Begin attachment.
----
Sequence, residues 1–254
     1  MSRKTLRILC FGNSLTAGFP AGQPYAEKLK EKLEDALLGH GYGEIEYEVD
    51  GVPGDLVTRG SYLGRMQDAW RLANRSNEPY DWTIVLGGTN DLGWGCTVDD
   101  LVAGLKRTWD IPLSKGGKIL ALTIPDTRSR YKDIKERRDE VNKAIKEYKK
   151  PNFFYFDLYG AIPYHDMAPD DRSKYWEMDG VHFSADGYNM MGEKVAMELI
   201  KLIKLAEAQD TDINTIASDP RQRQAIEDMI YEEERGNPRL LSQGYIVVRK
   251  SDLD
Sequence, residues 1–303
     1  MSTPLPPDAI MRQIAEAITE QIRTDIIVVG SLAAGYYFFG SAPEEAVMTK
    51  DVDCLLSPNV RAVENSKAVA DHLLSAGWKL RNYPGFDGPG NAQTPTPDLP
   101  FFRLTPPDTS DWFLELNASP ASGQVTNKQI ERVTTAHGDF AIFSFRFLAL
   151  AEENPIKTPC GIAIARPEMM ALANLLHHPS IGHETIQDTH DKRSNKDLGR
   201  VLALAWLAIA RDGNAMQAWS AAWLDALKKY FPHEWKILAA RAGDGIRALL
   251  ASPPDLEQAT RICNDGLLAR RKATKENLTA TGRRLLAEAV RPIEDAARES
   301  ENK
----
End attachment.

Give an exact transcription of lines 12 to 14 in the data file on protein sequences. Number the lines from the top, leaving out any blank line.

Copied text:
   151  AEENPIKTPC GIAIARPEMM ALANLLHHPS IGHETIQDTH DKRSNKDLGR
   201  VLALAWLAIA RDGNAMQAWS AAWLDALKKY FPHEWKILAA RAGDGIRALL
   251  ASPPDLEQAT RICNDGLLAR RKATKENLTA TGRRLLAEAV RPIEDAARES